04 May 2012

is it the difference or the opinion?

On the topic of how one follower of Christ relates to another: How do we see ourselves?  I had one of those conversations this week where the issue of theological differences came to the forefront of discussion.  How could two believers, within the whole split of Calvin-Arminius (of course), work together for the work of the kingdom of God?  Specifically, how could two differing systematic theologies work together in an educational environment - teaching the young-minds-full-of-mush students the basics of the faith?

I wonder when we look at each other, as committed believers of Christ who are tenacious for truth and led by the Spirit, if we see the differences or the opinions.  Here is the distinction between the two, as I see it.

The Opinion.
Pretty much everything that we think, say or do in approaching the written Word of God or in trying to live the ethics of the kingdom.  In other words, these are the presuppositions that we drag to the text - our own systematization of theological thought.  Since no two humans are identical beings, there will always be opinions that are unique.  This is not to claim moral relativism, for those with differing opinions (we like to say 'interpretations' when we speak ecclesiastically) can have their distinctions while still holding to absolute truth and biblical revelation.  We witness such whenever we (in a broad sense of the word) talk about predestination and the first chapter of Ephesians, for example.  We can claim that God's choice to bring salvation is an act of grace, but how it is accomplished, well . . .

The Difference.
Allow me preface this by saying that I believe theological inquiry, discussion and debate is not only beneficial, but that it is necessary in allowing iron to sharpen iron and keep our theology relevant and sharp.  What I have witnessed for the majority of my life, however, is that we are quick to define each other in the systematic labels we have in front of us.  Thus, those who are Reformed are seldom given a chance to be in one accord with the Open Theists.  And (though the very rigid determinists might still claim a disagreement here) I have come to believe that this is a choice in how we act as Christians!  If you are into free will and all that, then you will go along with this; if you are more of the predetermined folk then perhaps you can find whatever road necessary to see that when Jesus taught his followers to be identifiable by their love for one another, this type of self-division was not what he had in mind.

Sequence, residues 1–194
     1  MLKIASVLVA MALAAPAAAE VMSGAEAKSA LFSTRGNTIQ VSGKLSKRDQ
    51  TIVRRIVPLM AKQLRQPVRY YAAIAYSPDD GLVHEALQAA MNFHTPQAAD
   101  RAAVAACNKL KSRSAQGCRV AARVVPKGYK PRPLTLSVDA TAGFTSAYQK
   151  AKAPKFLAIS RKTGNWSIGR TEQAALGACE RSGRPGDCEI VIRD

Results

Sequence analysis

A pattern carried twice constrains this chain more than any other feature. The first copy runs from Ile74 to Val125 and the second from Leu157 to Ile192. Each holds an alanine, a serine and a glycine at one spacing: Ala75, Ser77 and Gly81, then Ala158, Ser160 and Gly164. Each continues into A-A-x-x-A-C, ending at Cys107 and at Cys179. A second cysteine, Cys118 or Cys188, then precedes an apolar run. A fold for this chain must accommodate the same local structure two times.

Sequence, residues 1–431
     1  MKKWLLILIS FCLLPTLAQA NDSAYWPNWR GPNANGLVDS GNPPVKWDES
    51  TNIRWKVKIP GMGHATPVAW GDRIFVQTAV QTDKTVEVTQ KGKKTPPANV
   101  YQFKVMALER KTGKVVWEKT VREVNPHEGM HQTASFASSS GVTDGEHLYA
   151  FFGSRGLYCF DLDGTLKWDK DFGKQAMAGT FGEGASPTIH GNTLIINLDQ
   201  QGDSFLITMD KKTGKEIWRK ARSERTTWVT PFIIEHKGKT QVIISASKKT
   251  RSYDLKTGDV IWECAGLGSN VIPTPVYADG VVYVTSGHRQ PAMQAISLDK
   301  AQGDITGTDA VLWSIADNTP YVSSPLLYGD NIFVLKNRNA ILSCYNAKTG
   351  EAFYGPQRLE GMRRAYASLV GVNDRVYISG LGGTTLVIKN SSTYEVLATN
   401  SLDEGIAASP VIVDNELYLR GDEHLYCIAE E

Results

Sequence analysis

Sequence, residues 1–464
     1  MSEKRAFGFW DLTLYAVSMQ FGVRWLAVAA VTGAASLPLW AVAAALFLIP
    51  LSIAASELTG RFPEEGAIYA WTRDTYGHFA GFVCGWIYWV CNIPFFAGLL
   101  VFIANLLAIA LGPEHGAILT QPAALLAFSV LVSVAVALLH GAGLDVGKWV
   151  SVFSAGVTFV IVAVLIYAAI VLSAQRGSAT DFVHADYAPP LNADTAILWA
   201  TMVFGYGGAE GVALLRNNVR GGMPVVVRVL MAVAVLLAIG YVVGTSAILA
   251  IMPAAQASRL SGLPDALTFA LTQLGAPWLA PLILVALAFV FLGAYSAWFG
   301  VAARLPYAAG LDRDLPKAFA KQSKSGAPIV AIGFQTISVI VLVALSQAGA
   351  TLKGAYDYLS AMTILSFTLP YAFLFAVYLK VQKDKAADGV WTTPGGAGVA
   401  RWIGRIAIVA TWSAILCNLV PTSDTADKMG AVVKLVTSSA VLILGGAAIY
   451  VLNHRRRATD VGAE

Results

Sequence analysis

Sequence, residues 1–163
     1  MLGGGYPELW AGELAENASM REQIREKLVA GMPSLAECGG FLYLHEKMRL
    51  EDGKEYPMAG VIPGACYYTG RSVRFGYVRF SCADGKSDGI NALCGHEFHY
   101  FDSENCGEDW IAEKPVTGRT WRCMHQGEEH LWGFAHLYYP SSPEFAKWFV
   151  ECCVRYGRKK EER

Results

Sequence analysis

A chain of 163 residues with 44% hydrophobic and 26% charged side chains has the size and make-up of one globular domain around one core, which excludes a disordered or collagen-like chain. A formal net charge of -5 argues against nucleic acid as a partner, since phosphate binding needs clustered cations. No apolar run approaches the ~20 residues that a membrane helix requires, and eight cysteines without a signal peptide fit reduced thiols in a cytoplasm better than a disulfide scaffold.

Again, do we see the difference or the opinion in one another?  Those who see the opinion will find great joy in the shared story of the gospel they have with another believer, and will realize that all of our failures to see eye-to-eye with the truth of ourselves and the truth of God is a reality of a cracked humanity.  The good news is that such brokenness is being over come in the kingdom which is moving into the world through this community of faith.  The caveat is that we must make sure that we do not attempt to bring the truth of God's kingdom by using self-centered actions of the fallenness.  This has been too often the case.

When I was a young theologian I fell in love with philosophy and systematic theology.  I relished the debates and the queries and the cat-and-mouse of knowing more than those who were around you.  Systematic theology too often provides a place for smugness and arrogance, and there is no room for those in the kingdom of God.  Instead of outdoing one another through seminary training, what would have come if we edified each other as believers and fellow workers in ministry?  (I myself began this discovery after a year of seminary, and found it quite difficult to get such an atmosphere created as I went along . . . sadly.)  Now I firmly believe that no system of theology has the complete picture of God - neither Reformed, Orthodox, Calvinist, Arminian, Druid, Jedi or Open Theism.  God is more than that, and we have a mystery at the center of our faith - that we can know him most intimately at the same moment we feel we have no idea what we are dealing with.  He confounds us and our wisdom.

So I am done seeing the differences, and will regard all brothers and sisters in the faith as those to whom I am called to sharpen, support and equip for good works in the Father's kingdom.  There is no room for division, I have seen the rotten fruit of those vines.  I commit myself to fostering an environment of Christ's love and acceptance - even of the philosophically ignorant and systematically stupid, for I too am one of them when faced with his holiness.  Saying this, I confess that I already anticipate situations where this will not be possible because of others who will not allow it.  Yes, Jesus prepared us to be ready to shake the dust off and move on . . . and get to work once again.

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